A new breed of subaquatic adventurers is using remote-controlled drones to scavenge the bay.
(1 of 6)
“Until now, if you weren’t Jeff Bezos or James Cameron with your own private submarine, or backed by a big research institution, you couldn’t have these kinds of adventures,” OpenROV cofounder David Lang says.
(2 of 6)
The Trident drone, outfitted with super-bright lights and an HD camera, will be available to the public this summer for $1,499.
Photo: Courtesy of OpenROV
(3 of 6)
OpenROV’s new aquatic drone can be maneuvered across the bay floor with any joystick console. Trident is able to survey depths of up to 100 meters and live-streams high-def video to a laptop—or even a tablet or smartphone—on the surface.
(4 of 6)
The OpenROV team used side-scan sonar readings off the southwest side of Alcatraz in an attempt to pinpoint the elusive location of the 116-year-old wreck of the S.S. San Rafael. Eric Stackpole, one of OpenROV’s cofounders, says the possibilities for local amateur explorers are endless. “There are 200 shipwrecks in San Francisco Bay, and nothing like this—as affordable and easy to use—has ever existed at the consumer level before. It’s like having the first metal detector in Gettysburg.”
(5 of 6)
Stackpole adjusts Trident’s navigation console before redeploying it off a catamaran near Alcatraz. “Trident is a serious exploration tool, but it’s also a lot of fun,” he says. “Whereas aerial drones allow people to get a new perspective on something they knew was there, what we’re doing is fundamentally different because when you put a [remotely operated vehicle] in the water, you have no idea what to expect. It’s revealing parts of the planet we’ve never seen before.”
(6 of 6)
Eric Stackpole fell in love with remote-operated vehicles, or ROVs, long before the current drone mania took hold. For kicks as an undergrad at San Jose State, Stackpole built a tele-robot that could remotely attend classes for him. In 2010, when he met his current business partner, David Lang, Stackpole was tinkering in his Cupertino garage with a handmade submarine he hoped could maneuver into the Hall City Cave in Trinity County to search for the loot from a 19th-century mining heist.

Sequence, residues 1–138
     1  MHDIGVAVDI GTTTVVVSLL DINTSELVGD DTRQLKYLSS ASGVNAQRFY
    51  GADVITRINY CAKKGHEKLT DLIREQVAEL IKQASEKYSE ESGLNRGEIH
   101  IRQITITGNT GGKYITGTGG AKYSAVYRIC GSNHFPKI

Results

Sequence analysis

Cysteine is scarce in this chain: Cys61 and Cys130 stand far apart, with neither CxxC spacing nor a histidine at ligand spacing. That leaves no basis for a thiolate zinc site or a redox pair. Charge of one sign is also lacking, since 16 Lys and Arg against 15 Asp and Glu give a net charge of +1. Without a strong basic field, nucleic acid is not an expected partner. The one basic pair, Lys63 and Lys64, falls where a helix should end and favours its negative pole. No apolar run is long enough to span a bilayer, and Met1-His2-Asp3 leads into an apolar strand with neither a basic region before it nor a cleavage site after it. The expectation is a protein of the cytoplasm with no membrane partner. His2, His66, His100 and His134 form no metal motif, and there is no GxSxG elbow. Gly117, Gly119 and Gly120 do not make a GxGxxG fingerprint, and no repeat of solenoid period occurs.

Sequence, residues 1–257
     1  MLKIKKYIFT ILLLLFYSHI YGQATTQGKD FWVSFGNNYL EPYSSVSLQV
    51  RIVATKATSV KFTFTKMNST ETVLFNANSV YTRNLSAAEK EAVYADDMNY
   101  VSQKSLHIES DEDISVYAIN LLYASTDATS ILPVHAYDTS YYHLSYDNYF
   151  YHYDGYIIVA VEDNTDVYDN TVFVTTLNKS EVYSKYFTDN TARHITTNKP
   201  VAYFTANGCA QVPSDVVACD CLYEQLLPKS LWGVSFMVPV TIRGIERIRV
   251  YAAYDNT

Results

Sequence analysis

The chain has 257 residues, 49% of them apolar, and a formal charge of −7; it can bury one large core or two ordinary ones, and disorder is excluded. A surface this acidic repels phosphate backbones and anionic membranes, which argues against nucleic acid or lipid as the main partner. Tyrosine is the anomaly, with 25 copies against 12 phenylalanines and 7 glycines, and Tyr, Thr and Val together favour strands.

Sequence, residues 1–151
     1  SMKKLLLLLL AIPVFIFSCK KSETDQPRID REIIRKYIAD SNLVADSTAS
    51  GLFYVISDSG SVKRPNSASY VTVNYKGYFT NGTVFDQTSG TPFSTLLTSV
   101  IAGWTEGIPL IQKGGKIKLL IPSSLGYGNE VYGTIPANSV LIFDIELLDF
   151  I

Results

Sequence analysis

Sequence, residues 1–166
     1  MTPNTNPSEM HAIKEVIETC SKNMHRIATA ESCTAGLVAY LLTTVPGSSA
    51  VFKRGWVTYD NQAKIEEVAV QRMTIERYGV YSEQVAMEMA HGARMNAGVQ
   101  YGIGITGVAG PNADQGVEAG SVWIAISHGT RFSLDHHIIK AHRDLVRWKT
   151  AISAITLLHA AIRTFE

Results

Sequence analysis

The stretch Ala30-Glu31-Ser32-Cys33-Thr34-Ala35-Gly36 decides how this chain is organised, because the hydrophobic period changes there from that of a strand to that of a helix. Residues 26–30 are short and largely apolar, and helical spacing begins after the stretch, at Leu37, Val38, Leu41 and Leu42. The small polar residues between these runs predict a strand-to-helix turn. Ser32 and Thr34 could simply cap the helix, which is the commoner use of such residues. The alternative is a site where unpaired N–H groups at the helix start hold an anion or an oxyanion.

“I’ve always loved the idea of being able to look at something you wouldn’t normally be able to see by using technology,” Stackpole, cofounder of the Berkeley-based underwater exploration startup OpenROV, said as we boarded a catamaran on a wet, windy November morning, heading for the southwest side of Alcatraz. “That’s exactly what we’re doing with Trident.”
After four years of design and test piloting, Stackpole and Lang—a former sailing instructor and a recipient of the 2016 National Geographic Emerging Explorer award—were deploying Trident, their new drone, at the possible site of one of the bay’s most famous shipwrecks.
Lang, 31, and Stackpole, 32, are ebullient believers in “citizen exploration” and hope to create an underwater parallel to the craze for aerial drones. With Trident, which they’ll begin selling this summer, they’re looking to tap into the scores of curious hobbyists, treasure hunters, marine scientists, and even search and rescue teams that might want to look beneath the surface.
As the team set out onto the bay, side-scan sonar imaging showed a large unidentified mass nearby—which they hoped was the hull of the S.S. San Rafael, a 205-foot-long passenger ferry that sank on a foggy winter night in 1901.
Stackpole dropped Trident and its neon-yellow tether off the stern side to cheers. The drone, which weighs seven and a half pounds, quickly descended 60 feet to the bay floor, beaming high-definition images from its camera to a laptop in the boat’s cabin.
Ultimately, the treasure hunt would have no happy ending on this choppy, rainy day, as Trident showed only a bunch of crabs, schools of brown rockfish, an old tire, and a sunken radiator. But Stackpole and Lang were still smiling, undeterred. “This is a story of possibilities,” Stackpole said. “Raw exploration is in the hunt. It’s no longer about explorers going out and showing us what they’ve found. Soon we’ll have more underwater eyes than ever before.”
Originally published in the February issue of San Francisco